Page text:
using System.IO;
using System.Runtime.Serialization;
using System.Runtime.Serialization.Formatters.Binary;
using System.Runtime.Serialization.Formatters;

class Program
{
   static void Main(string[] args)
   {
      Customer customer = new Customer();
      customer.CompanyName = "Alfreds Futterkiste";
      customer.ContactName = "Maria Anders";
      customer.ContactTitle = "Sales Representative";

      using (FileStream fileStream =
             new FileStream(@"C:\\mytest-v2.bin", FileMode.Create))
      {
         BinaryFormatter formatter = new BinaryFormatter();
         formatter.Serialize(fileStream, customer);
      }
      customer.Clear();
      using (FileStream fileStream =
             new FileStream(@"C:\\mytest-v2.bin", FileMode.Open))
      {
         BinaryFormatter formatter = new BinaryFormatter();
         customer = (Customer)formatter.Deserialize(fileStream);
      }

      if (customer.ContactTitle ==
          null || customer.ContactTitle.Length == 0 )
      {
         Console.Write("{0} - {1}",
                       customer.CompanyName, customer.ContactName);
      }
      else
      {
         Console.Write("{0} - {1} - {2}", customer.CompanyName,
         customer.ContactName, customer.ContactTitle);
      }
}

By commenting out the file-creation part and changing the read part between mytest.bin and mytest-v2.bin, you should be able to prove that you can read both versions into the new Customer object.

More Control of the Serialization Process

In the past, the only way to get full control of the serialization process was to implement the ISerializable interface, which equates to more code and more complexity. Additional attributes are available to allow you more control without having to go as far as implementing the ISerializable interface. Each of those attributes can be placed on a method and has the following impact:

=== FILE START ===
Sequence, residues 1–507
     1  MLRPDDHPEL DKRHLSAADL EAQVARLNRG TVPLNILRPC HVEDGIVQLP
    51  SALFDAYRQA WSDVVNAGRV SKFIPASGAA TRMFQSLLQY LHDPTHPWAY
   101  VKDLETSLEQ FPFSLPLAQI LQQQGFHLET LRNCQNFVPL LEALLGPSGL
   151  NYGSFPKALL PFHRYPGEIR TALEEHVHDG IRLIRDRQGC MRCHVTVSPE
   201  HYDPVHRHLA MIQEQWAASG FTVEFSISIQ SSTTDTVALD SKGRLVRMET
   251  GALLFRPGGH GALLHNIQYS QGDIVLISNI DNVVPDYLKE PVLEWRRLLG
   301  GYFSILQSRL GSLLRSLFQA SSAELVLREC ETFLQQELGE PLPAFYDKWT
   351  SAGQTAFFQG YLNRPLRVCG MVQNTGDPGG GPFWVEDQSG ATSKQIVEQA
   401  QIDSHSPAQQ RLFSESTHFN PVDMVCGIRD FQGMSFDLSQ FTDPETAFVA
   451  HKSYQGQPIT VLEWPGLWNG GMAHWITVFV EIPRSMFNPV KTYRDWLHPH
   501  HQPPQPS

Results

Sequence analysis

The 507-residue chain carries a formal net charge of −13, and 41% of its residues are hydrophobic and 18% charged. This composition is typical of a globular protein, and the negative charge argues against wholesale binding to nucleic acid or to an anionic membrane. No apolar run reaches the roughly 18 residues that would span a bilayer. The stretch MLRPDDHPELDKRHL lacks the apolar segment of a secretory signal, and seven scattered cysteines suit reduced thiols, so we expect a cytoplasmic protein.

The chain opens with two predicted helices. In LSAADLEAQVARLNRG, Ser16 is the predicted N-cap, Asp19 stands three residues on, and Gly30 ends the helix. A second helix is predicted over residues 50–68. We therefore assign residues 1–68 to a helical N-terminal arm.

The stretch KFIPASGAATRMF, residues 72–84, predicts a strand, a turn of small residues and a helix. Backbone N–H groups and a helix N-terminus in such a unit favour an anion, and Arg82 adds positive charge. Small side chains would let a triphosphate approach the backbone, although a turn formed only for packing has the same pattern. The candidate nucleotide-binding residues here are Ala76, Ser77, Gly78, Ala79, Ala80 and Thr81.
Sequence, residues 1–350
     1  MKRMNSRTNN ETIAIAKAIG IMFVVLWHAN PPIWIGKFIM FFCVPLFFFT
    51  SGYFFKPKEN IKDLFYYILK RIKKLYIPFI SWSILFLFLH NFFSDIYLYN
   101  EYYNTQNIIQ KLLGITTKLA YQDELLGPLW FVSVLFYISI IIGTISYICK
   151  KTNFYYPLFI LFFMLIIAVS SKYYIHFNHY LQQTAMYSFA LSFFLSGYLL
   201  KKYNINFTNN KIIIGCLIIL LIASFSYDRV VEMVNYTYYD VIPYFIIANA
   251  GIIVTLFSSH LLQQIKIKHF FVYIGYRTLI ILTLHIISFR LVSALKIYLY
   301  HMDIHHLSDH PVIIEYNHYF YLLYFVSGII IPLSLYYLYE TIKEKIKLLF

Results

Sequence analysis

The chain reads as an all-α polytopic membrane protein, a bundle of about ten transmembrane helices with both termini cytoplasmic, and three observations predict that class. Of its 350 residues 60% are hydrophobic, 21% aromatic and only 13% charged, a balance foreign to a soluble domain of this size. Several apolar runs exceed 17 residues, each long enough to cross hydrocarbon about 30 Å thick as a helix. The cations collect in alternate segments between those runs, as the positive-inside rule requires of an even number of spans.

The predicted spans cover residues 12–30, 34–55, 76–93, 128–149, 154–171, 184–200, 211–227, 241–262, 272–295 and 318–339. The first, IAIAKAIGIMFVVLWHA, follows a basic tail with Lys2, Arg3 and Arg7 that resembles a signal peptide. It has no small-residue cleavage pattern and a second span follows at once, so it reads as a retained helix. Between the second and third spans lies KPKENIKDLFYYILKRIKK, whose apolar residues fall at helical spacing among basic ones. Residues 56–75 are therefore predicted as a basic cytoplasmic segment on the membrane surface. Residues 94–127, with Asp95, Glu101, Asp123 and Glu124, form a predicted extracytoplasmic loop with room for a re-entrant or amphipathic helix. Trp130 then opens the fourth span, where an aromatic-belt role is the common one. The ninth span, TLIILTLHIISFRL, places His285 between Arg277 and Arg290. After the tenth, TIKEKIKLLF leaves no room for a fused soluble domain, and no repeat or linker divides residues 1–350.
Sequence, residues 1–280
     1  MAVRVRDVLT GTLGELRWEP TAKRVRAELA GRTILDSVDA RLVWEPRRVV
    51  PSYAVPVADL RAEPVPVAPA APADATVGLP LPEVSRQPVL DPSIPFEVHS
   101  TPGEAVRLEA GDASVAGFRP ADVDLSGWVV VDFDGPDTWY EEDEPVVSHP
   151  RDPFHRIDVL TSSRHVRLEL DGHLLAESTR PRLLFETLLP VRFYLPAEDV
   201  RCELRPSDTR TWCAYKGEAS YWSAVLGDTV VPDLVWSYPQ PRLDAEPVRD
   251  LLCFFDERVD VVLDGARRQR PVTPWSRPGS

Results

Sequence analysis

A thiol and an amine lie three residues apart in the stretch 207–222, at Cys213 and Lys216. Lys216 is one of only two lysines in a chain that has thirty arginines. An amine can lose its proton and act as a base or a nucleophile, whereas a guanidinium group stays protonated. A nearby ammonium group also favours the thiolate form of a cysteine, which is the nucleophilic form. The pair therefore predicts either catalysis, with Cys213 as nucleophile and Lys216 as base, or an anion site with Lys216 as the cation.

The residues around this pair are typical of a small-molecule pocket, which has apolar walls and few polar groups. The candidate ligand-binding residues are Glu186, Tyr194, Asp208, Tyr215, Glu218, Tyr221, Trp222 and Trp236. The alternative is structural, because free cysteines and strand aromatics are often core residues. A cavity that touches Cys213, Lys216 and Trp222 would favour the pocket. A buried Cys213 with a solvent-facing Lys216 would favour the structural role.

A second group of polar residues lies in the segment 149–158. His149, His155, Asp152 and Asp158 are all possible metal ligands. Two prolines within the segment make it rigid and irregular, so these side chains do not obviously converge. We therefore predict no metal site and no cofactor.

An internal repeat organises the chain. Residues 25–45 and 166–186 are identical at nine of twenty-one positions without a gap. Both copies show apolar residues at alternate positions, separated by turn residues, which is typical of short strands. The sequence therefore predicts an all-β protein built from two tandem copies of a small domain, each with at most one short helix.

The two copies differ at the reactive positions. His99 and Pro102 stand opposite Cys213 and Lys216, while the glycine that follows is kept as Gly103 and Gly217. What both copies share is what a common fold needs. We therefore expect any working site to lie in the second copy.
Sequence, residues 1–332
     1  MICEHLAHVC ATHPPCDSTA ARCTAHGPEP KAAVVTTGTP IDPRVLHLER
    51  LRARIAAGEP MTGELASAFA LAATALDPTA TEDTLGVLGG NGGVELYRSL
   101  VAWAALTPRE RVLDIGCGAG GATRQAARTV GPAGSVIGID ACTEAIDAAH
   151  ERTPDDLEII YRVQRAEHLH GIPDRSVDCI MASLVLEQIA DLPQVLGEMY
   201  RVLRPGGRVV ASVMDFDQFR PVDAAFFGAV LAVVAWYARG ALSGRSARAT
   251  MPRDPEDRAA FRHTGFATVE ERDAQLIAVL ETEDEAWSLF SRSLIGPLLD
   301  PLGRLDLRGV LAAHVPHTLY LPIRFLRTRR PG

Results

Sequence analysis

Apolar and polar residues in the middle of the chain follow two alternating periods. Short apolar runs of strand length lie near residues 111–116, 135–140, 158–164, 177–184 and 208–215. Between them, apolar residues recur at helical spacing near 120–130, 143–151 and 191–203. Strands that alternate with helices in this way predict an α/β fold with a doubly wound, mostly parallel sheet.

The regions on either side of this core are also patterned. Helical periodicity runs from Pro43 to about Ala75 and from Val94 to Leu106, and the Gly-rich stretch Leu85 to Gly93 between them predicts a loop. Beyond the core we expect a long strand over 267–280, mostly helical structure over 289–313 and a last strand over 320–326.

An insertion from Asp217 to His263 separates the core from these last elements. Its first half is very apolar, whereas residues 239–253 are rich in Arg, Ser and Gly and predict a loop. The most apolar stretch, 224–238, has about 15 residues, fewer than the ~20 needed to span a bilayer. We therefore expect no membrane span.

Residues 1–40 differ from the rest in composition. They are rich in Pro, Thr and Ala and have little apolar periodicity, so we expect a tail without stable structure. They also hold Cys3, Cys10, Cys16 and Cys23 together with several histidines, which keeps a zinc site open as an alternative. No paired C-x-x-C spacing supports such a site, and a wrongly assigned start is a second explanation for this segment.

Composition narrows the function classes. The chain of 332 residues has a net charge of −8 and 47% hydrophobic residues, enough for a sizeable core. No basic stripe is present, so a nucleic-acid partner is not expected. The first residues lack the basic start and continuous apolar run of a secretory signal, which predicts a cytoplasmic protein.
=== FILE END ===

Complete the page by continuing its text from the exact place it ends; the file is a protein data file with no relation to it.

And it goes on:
• OnDeserializingAttribute—Called during deserialization
  • OnDeserializedAttribute—Called immediately after deserialization is complete
  • OnSerializingAttribute—Called during serialization
  • OnSerializedAttribute—Called immediately after serialization is complete

This offers another middle-of-the-road solution to provide even more control without requiring you to go to the full extent of implementing the ISerializable interface.

The following is an additional code snippet for the Customer object:

[OnDeserializing()]
void OnDeserializingTest(StreamingContext context)
{
   // Do something here during deserialization...
}

[OnDeserialized()]
void OnDeserializedTest(StreamingContext context)
{
   // Do something here after deserialization...
}

[OnSerializing()]
void OnSerializingTest(StreamingContext context)
{
   // Do something here during serialization...
}

[OnSerialized()]
void OnSerializedTest(StreamingContext context)
{
   // Do something here after serialization...
}

A Big Improvement in Serialization

You now have seen an introduction to the version-tolerant serialization that is in the pending release of the 2.0 version of the Microsoft .NET Framework. This is a big improvement in serialization, especially for those who want some control of the process but don't want to have to fully implement ISerializable and all of the baggage that it carries with it such as extra code.

Future Columns

The topic of the next column is yet to be determined. If you have something in particular that you would like to see explained here, you could reach me at mstrawmyer@crowechizek.com.



About the Author

Mark Strawmyer

Mark Strawmyer is a Senior Architect of .NET applications for large and mid-size organizations. He specializes in architecture, design and development of Microsoft-based solutions. Mark was honored to be named a Microsoft MVP for application development with C# for the fifth year in a row. You can reach Mark at mark.strawmyer@crowehorwath.com.